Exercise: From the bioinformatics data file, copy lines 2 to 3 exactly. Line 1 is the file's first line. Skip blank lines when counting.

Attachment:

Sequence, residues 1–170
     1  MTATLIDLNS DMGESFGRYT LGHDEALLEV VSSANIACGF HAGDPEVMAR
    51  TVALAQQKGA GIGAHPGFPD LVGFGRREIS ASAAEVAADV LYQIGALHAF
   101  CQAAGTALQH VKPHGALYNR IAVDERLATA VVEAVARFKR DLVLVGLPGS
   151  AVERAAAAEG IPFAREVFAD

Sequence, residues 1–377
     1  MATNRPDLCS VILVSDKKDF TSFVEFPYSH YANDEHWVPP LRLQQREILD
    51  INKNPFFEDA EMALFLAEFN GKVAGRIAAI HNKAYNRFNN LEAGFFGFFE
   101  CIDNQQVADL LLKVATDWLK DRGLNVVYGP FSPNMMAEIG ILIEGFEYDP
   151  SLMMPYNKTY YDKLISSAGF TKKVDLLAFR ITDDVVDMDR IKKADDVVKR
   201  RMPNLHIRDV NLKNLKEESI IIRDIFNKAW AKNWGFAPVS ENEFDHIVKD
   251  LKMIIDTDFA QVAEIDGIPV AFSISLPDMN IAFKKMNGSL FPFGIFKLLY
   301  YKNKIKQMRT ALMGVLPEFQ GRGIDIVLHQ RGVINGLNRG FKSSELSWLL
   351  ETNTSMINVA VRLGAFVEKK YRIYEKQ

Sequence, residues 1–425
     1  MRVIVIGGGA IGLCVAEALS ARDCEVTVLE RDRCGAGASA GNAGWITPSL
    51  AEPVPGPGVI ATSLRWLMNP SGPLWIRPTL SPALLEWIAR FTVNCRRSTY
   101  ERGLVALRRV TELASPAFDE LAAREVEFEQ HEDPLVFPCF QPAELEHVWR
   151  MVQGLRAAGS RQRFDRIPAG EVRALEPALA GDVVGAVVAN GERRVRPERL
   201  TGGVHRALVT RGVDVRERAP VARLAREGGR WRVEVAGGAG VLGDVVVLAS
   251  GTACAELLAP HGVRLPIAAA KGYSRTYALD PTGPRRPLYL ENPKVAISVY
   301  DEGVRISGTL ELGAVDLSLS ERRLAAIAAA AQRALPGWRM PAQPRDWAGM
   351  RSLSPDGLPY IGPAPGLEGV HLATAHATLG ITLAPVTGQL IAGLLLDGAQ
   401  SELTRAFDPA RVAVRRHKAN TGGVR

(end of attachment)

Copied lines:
     1  MTATLIDLNS DMGESFGRYT LGHDEALLEV VSSANIACGF HAGDPEVMAR
    51  TVALAQQKGA GIGAHPGFPD LVGFGRREIS ASAAEVAADV LYQIGALHAF